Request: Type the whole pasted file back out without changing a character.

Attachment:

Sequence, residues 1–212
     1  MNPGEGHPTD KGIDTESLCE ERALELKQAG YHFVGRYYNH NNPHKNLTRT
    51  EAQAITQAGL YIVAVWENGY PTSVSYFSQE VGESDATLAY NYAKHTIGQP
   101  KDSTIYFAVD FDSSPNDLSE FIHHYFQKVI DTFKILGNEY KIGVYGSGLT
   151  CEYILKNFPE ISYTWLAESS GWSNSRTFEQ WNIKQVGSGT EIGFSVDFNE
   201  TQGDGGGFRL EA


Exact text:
Sequence, residues 1–212
     1  MNPGEGHPTD KGIDTESLCE ERALELKQAG YHFVGRYYNH NNPHKNLTRT
    51  EAQAITQAGL YIVAVWENGY PTSVSYFSQE VGESDATLAY NYAKHTIGQP
   101  KDSTIYFAVD FDSSPNDLSE FIHHYFQKVI DTFKILGNEY KIGVYGSGLT
   151  CEYILKNFPE ISYTWLAESS GWSNSRTFEQ WNIKQVGSGT EIGFSVDFNE
   201  TQGDGGGFRL EA